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New Jersey Endangered and Threatened Species Field Guide
Agkistrodon contortrix mokasen
Species Group: Reptile
State: Special Concern
The northern copperhead is one of two venomous species of snake found in New Jersey (the other being the timber rattlesnake). It may grow to a length of 22-53 inches. When alarmed, it may violently vibrate its tail. When the vibrating tail strikes vegetation, it may sound like a rattle, but this species does not have a rattle on its tail.
The copperhead is two shades of copper or reddish-brown. Its head is a solid copper color. The darker shade forms an hourglass shape over the lighter background, with the wider portion of the hourglass on the side of the snake while the narrow portion is on the snake’s back. The snake’s coloration is excellent camouflage when it lies in leaf litter.
Young copperheads, known as “neonates” are paler in color that the adults. Neonates also have a yellow-tipped tail that acts as a lure for prey.
The non-venomous and common northern water snake (Nerodia sipedon sipedon) is sometimes confused with the copperhead because they have similar colors. Both snakes also have hourglass-shaped bands on their bodies. On the water snake though, the darker-color bands are widest along its back and narrow along its sides.
DISTRIBUTION AND HABITAT
The range of the northern copperhead extends from Massachusetts in the north and east to Illinois in the west and Georgia and Alabama in the south.
In New Jersey, copperheads are found only in the northern portion of the state, from the Sourlands of Hunterdon, Mercer, and Somerset Counties in the south to the New Jersey/New York border in the north. They may also be found within the Palisades in Bergen County.
Within their range, copperheads may inhabit rocky wooded hillsides, rocky fields, berry thickets, wooded wetlands, farmlands, and even old mulch piles.
Copperheads feed mostly on small mammals such as mice. They will also eat small birds, other reptiles, amphibians, and insects. Hidden by its camouflaged scales, the copperhead sits and waits for prey, lying motionless before striking with its venomous bite. Females which are about to give birth (known as being gravid) will usually not eat.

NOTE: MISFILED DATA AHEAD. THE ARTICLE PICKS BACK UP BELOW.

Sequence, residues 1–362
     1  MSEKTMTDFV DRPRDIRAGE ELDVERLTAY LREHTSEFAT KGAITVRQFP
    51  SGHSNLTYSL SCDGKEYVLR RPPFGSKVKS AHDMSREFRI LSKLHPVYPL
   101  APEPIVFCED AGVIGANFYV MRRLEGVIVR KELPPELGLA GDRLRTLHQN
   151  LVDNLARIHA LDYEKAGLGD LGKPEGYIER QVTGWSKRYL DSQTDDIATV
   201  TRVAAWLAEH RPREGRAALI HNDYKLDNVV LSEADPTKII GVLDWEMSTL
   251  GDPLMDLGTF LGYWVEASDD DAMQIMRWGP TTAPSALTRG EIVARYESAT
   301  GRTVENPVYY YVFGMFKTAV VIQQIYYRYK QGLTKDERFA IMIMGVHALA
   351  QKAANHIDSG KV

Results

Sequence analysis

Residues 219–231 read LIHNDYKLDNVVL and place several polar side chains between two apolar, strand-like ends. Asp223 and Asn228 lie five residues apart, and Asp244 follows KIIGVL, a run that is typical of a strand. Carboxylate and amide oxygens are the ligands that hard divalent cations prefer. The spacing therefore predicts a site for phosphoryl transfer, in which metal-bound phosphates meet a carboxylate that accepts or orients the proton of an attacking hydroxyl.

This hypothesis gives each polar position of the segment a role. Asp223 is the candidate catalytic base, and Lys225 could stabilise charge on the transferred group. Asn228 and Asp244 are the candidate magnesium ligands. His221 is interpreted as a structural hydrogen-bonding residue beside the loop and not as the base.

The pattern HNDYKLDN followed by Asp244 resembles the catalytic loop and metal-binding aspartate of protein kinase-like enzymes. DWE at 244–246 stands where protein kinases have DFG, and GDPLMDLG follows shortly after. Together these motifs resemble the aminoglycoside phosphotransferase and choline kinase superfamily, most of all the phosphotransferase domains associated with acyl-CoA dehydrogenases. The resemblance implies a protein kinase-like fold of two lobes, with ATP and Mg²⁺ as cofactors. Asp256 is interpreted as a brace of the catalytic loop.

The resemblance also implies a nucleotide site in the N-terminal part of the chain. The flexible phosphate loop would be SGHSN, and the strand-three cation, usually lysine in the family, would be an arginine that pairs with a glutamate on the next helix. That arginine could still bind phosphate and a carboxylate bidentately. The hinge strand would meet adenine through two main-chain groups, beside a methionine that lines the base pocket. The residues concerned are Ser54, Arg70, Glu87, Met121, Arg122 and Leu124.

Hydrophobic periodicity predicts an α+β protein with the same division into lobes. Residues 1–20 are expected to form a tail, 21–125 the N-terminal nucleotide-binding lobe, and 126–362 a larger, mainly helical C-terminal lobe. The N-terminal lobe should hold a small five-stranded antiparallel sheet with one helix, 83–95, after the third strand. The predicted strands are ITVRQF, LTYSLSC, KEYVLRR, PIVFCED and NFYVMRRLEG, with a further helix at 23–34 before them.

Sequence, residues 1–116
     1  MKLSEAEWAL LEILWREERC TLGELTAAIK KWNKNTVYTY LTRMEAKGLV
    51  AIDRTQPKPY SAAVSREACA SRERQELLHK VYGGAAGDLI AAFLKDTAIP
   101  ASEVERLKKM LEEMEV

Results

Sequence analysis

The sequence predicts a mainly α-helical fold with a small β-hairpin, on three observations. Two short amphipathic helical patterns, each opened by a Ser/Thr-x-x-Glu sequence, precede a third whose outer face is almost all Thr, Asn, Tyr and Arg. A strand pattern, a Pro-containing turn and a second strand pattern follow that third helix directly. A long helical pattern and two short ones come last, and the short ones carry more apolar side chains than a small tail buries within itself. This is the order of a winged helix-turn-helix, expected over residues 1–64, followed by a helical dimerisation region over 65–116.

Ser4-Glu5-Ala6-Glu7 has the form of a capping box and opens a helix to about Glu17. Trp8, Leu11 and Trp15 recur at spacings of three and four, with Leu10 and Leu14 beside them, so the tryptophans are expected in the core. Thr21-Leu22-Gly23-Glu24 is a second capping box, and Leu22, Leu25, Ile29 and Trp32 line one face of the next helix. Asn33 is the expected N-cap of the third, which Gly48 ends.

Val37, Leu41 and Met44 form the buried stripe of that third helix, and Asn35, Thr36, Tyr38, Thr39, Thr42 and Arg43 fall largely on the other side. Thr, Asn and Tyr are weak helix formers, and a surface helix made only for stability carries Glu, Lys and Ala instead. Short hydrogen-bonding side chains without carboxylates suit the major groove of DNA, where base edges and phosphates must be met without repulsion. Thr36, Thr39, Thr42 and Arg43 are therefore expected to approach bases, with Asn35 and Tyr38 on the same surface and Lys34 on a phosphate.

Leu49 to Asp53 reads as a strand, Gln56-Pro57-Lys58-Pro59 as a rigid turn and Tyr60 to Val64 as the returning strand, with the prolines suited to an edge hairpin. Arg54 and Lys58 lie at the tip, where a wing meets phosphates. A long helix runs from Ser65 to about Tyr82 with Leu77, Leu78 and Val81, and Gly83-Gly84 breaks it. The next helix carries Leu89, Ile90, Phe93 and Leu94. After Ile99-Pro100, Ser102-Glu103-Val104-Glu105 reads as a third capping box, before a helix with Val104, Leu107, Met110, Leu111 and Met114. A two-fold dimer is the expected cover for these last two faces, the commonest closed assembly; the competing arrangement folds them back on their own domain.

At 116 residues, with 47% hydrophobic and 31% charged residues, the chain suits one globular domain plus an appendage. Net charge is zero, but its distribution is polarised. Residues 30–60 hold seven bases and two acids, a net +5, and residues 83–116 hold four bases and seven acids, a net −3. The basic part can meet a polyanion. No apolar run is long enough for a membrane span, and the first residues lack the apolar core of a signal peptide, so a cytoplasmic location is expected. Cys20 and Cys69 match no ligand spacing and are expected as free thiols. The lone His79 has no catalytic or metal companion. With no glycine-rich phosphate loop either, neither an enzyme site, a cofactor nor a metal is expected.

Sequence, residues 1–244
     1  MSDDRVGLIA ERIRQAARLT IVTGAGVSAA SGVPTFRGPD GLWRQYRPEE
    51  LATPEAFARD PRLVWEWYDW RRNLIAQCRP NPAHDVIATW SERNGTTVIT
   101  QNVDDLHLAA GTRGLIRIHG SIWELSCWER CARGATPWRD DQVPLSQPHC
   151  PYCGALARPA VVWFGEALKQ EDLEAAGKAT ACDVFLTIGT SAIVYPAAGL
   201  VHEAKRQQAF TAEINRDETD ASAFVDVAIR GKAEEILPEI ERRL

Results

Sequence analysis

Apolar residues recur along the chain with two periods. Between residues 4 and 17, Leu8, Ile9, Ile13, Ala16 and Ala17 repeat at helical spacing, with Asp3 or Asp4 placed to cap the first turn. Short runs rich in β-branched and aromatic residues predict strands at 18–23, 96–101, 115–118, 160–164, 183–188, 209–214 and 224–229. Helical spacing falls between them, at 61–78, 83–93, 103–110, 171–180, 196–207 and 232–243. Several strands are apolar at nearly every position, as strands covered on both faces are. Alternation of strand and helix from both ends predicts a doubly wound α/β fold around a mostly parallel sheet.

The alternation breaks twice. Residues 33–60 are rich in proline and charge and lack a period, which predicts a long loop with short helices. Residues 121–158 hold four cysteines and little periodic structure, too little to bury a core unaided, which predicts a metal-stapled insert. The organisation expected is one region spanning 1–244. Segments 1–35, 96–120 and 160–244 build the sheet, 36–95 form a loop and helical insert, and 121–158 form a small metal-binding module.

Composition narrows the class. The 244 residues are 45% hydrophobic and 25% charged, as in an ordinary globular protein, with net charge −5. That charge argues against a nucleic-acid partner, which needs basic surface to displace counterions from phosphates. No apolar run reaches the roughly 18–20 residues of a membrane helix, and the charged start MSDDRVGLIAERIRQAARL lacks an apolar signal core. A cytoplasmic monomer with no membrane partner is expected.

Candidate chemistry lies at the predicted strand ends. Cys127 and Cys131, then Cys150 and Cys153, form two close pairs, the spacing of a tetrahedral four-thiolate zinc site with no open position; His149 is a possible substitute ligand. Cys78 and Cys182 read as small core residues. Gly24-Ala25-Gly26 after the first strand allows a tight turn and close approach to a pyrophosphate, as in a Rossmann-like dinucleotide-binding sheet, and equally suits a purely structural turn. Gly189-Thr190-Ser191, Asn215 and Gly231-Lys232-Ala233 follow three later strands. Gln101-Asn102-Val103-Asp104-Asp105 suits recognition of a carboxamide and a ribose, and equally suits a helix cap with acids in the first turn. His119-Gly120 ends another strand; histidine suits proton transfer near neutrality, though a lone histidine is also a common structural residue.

Copperheads are primarily active in New Jersey between the months of May through October. During the winter, they will hibernate or den underground, within rocky areas, in animal burrows, or within hollow logs or stumps. They may den in large groups and with other species of snakes, including rattlesnakes. Copperheads give birth to 6-17 young in mid-August to early October.
During the spring and fall, they are most active during the day. In summer, they may become more nocturnal.
CURRENT STATUS, THREATS, AND CONSERVATION
New Jersey’s copperhead population has declined over the last fifty years due to a number of reasons including habitat loss and fragmentation, illegal collecting, being run-over by cars, and human persecution. This species, as well as the rattlesnake, have an undeserved bad reputation and are often killed, which is illegal in New Jersey.
Due to population declines and habitat loss, the copperhead was listed as a Species of Special Concern in New Jersey. Because of the secretive nature and patchy distribution of copperheads, we still have much to learn about their biology and population status in New Jersey. Research needs to be completed to find additional den sites, check existing dens, and determine whether the population might be decreasing or increasing and by how much.
Although copperheads are venomous, no one has ever died from a copperhead bite in New Jersey. They will not chase people, but they will defend themselves if they feel that they are in danger.
In 2016, the New Jersey Endangered and Nongame Advisory Committee recommended changing this species' status from Special Concern to Threatened within the state, but no formal rule proposal has been filed to date.
Text written by Michael J. Davenport in 2011; updated in 2016.
Species: A. contortrix mokasen
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